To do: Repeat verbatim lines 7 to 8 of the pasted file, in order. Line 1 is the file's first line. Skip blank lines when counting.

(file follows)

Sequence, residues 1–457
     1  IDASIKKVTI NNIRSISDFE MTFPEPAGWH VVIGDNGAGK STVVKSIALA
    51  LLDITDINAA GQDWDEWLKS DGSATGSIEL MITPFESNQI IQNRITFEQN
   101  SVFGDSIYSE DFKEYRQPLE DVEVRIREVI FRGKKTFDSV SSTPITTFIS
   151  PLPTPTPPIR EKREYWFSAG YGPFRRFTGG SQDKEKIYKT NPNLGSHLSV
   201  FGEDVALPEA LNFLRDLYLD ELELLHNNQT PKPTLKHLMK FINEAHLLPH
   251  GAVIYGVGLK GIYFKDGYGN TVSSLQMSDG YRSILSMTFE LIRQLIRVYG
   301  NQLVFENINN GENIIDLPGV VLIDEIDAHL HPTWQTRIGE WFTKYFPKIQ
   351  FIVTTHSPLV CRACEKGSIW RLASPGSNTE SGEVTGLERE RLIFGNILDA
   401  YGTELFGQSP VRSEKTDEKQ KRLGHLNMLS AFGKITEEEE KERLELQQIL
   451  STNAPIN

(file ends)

   251  GAVIYGVGLK GIYFKDGYGN TVSSLQMSDG YRSILSMTFE LIRQLIRVYG
   301  NQLVFENINN GENIIDLPGV VLIDEIDAHL HPTWQTRIGE WFTKYFPKIQ